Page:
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How I'd tweak points system for draws and extra time

There needs to be a reward for a draw and I also believe in the theatre of a golden point-game, so it should be kept. We need to have our cake and eat it too.

This might sound odd, with the eventual losing team being rewarded but these close battles where scores are level after 80 minutes are hard fought and highly-entertaining. Two teams going at each other trying to get the upper hand. 

No team should walk off the field with nothing.

So in those situations, I feel a draw should equate to one point for each team. And then we go into extra time, and whoever wins in golden point gets another competition point.

If it's still a draw after extra time the points stay the same anyway with one competition point each.

There would be a mathematical matrix applied to see how many draws and golden points there have been throughout the year, or historically, and how it affects the ultimate outcome of the NRL table at the end of the regular season.

Match Highlights: Sea Eagles v Rabbitohs

There could be other variances once this is done, for instance a win could amount to three points but regardless it still doesn’t affect the fact that the losing side should be rewarded when there’s a draw after 80 minutes.

And while we’re on game-time issues, what we saw happen to Cooper Cronk and Blake Green are in my opinion, bona fide sin-bin actions.

There are provisions to use the sin-bin for those late and dangerous tackles, so let’s use it. If the match review committee takes the matter further, as happened with Tevita Pangai and Moeaki Fotuaiki, then so be it.

Generally the ball-players and kickers in your team are the same person. The object of the opposition is to shut them down and limit their time.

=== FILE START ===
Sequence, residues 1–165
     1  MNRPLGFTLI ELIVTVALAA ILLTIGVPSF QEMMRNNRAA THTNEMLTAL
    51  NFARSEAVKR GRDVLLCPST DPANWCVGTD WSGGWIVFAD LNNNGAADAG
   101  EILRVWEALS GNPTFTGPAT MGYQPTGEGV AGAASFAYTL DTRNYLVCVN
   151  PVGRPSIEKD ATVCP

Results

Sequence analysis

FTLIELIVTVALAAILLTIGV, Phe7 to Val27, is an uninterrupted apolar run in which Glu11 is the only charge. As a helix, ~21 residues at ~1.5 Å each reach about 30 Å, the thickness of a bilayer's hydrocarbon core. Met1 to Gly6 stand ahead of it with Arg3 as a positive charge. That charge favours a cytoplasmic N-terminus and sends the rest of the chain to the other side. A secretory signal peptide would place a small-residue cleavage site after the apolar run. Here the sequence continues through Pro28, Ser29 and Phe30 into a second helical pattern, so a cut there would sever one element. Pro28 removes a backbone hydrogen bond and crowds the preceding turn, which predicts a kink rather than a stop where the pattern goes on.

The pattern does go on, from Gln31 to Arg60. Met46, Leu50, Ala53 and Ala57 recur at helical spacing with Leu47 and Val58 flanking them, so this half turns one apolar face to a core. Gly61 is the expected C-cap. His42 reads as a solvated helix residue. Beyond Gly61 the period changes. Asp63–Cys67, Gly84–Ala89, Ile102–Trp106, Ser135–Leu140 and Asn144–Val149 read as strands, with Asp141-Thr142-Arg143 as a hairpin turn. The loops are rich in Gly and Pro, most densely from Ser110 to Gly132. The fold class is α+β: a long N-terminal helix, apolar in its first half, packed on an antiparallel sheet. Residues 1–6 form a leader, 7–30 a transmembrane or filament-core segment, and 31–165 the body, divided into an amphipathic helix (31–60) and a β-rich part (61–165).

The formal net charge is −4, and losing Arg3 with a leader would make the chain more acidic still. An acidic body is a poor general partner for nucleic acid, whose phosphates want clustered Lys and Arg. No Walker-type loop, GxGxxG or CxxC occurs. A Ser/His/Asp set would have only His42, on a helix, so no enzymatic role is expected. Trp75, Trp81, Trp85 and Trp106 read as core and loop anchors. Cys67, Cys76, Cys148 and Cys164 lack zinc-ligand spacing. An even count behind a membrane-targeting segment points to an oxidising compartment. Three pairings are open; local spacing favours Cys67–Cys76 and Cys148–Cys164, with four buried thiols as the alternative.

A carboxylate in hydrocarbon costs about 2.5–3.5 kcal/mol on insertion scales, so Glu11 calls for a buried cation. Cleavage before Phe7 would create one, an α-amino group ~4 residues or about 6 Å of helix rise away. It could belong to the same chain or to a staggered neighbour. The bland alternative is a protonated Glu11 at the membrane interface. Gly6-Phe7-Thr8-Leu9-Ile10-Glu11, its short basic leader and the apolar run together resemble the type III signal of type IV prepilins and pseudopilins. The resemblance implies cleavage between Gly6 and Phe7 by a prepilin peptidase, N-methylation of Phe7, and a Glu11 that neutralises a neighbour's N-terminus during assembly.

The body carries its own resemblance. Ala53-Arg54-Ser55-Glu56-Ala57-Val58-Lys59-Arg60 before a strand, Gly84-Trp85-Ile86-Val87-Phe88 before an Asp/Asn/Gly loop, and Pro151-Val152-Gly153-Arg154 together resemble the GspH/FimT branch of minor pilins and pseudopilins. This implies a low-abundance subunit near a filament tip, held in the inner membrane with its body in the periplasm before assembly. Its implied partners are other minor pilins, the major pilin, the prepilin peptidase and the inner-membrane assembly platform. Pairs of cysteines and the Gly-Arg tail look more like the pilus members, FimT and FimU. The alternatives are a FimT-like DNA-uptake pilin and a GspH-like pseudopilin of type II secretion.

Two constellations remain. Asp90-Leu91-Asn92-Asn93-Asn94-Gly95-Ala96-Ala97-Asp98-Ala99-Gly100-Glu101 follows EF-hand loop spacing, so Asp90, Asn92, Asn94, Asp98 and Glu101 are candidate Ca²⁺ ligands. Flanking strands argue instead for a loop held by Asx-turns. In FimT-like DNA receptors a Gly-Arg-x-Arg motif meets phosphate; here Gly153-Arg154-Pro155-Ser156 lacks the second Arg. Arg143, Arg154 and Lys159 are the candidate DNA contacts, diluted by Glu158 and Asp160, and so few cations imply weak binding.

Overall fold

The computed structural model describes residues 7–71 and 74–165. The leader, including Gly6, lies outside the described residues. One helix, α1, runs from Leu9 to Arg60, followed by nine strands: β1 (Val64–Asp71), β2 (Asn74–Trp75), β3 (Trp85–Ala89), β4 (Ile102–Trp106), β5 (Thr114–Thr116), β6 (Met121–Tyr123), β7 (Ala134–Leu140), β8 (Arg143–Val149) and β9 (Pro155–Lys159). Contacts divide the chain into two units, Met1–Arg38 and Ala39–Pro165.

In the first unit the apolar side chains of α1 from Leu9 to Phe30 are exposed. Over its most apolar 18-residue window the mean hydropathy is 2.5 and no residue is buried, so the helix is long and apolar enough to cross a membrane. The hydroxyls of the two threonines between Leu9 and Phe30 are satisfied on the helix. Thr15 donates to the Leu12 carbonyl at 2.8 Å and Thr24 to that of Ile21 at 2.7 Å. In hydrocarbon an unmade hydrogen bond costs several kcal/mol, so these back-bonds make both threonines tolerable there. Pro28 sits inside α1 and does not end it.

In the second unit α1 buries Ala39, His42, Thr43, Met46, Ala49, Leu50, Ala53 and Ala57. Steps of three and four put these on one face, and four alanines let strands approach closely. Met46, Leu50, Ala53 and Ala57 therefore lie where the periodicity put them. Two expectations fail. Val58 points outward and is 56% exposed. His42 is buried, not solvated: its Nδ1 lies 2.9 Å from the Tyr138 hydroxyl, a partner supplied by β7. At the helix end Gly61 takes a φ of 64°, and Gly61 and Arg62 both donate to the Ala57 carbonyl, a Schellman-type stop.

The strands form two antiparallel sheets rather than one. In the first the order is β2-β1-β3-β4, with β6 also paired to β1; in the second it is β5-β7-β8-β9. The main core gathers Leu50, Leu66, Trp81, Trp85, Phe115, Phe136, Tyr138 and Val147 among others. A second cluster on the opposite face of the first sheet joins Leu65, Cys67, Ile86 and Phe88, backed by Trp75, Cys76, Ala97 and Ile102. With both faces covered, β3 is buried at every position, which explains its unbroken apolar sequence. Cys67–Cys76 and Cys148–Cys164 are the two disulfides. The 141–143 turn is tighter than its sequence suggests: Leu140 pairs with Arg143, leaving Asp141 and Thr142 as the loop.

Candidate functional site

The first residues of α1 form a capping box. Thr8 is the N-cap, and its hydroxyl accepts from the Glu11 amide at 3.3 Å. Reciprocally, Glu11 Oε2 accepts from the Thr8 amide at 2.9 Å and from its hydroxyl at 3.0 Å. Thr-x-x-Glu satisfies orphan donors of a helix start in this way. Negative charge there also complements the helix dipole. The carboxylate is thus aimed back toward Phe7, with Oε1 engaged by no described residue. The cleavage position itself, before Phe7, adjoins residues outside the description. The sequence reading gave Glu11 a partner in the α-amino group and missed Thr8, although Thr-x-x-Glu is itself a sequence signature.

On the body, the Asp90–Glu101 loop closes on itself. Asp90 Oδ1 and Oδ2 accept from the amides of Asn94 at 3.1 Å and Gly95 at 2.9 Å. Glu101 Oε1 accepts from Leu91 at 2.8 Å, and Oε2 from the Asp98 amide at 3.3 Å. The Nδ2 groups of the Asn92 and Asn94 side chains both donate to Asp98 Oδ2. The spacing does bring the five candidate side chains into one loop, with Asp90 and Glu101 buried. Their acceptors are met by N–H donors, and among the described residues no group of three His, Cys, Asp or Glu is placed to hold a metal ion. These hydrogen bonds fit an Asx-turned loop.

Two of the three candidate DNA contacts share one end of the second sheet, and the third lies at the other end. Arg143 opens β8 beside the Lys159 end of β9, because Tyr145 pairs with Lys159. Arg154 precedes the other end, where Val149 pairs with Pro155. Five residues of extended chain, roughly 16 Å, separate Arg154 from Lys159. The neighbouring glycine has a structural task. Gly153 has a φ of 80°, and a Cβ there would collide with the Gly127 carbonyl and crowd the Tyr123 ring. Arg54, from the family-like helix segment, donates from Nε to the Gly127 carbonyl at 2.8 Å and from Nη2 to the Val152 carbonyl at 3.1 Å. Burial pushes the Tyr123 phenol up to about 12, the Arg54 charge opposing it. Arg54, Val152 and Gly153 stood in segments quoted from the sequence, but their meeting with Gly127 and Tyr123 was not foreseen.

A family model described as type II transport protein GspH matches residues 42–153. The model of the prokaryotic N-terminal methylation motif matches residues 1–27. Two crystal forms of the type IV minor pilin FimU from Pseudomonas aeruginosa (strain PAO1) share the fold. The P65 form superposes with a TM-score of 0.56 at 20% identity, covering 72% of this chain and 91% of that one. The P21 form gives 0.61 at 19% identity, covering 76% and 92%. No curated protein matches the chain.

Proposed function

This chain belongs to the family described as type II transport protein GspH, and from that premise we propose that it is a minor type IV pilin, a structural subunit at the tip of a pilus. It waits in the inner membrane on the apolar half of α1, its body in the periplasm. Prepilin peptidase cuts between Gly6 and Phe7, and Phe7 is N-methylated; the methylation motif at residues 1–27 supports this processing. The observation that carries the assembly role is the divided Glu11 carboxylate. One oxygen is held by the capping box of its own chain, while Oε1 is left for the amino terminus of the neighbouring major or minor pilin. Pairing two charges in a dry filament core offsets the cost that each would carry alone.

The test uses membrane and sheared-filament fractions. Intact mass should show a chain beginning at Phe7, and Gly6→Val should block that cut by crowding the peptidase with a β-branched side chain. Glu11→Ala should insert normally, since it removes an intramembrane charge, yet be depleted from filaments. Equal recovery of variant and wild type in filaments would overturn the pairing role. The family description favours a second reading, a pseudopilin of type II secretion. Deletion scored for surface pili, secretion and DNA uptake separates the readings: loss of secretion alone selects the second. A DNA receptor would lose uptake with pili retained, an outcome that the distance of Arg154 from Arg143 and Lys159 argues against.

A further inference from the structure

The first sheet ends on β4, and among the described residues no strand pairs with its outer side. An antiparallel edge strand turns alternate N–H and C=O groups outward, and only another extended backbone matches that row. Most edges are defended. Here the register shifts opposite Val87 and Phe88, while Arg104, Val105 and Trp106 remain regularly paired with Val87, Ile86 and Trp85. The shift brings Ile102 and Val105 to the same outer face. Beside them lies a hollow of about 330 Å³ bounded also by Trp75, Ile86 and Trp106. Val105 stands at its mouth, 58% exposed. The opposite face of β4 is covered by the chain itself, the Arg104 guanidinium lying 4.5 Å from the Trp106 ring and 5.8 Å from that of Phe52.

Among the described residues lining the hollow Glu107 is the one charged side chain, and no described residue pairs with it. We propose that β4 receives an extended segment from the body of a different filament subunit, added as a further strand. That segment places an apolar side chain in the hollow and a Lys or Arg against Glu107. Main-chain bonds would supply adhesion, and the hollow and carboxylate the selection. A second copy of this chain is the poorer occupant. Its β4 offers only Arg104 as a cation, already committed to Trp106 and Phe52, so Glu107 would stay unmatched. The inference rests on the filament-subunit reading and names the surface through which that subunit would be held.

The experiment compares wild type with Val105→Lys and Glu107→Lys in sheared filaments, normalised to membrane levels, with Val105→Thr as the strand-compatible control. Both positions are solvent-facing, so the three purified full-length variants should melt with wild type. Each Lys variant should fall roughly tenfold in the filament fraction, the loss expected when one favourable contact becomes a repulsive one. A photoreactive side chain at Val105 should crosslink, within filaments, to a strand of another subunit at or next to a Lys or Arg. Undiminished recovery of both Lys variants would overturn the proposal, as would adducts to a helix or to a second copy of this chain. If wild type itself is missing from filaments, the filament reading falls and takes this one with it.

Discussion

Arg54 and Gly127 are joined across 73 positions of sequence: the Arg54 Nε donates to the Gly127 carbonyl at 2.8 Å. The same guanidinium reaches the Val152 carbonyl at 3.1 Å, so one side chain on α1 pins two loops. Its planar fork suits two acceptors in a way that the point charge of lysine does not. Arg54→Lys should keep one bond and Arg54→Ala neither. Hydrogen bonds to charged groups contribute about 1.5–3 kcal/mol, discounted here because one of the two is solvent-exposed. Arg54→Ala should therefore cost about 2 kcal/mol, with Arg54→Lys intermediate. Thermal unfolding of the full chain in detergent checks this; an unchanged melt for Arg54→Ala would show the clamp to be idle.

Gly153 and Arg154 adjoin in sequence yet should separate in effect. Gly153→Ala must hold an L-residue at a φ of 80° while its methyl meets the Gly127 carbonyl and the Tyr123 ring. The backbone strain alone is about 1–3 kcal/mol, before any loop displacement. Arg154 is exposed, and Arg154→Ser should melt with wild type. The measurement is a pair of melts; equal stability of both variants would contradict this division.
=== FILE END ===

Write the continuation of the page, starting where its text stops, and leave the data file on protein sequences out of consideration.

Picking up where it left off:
But if a tackle is late or goes awry – for example if you hit them in the legs while in the air and they fall awkwardly – then in both instances they warrant the sin-bin.

There’s got to be some accountability on the defender, or ball chaser. Certainly edge players can be targeted themselves and can become fatigued, which can affect their decision-making. But all players need to be game-aware.

Everyone knows there’s a fair chance that kickers, as they release the footy, will be subjected to contact. But it’s the lateness of it all and where they are hit.

In the good old days, you took the ball players out so they couldn’t get involved in the next play. But today, structures are that strong and well-practised, I feel you have the ability to pull out of it – to be more aware.

Match Highlights: Roosters v Broncos

Finally, I see the NRL has released tickets this week for October’s Telstra Premiership grand final on October 6.

Immediately lots of wonderful memories come flooding back to me of my time at the Raiders. We won three grand finals and for me, it’s quite easy to remember the standout: the first one – the 1989 grand final win over Balmain.

It’s considered one of the greatest ever. It meant so much to the city of Canberra – the reaction was huge.

It was the first time a team outside of Sydney had won; it was the first time a team outside the top three had won; and the circumstances that unfolded throughout the game created so many defining moments.

Raiders teammates Mal Meninga and John Ferguson.
Raiders teammates Mal Meninga and John Ferguson. ©NRL Photos

Personally, for me, to go to Sydney and play in the NSWRL competition instilled strong belief in my ability. That a Queenslander could go south and mix it with the best and be part of a premiership team was very satisfying.

Players from eras prior to 1988 when Brisbane and Gold Coast-Tweed entered the competition had to prove themselves before their talents were respected and recognised. It does get the pessimists off your back.

Another memory was winning the BRL grand final with Souths Magpies against Redcliffe in 1981, coached by rugby league legend Bob McCarthy. But any grand final, regardless of what competition it's played in, is so special.

Each grand final is a moment in time of rugby league history. To me, that’s why we play the game. To be with your mates and finishing the year as the best team in the comp!


Experience the passion and spine tingling action of the NRL Telstra Premiership grand final. A day truly not to be missed, with action both on and off the field there is something for everyone to experience and enjoy.


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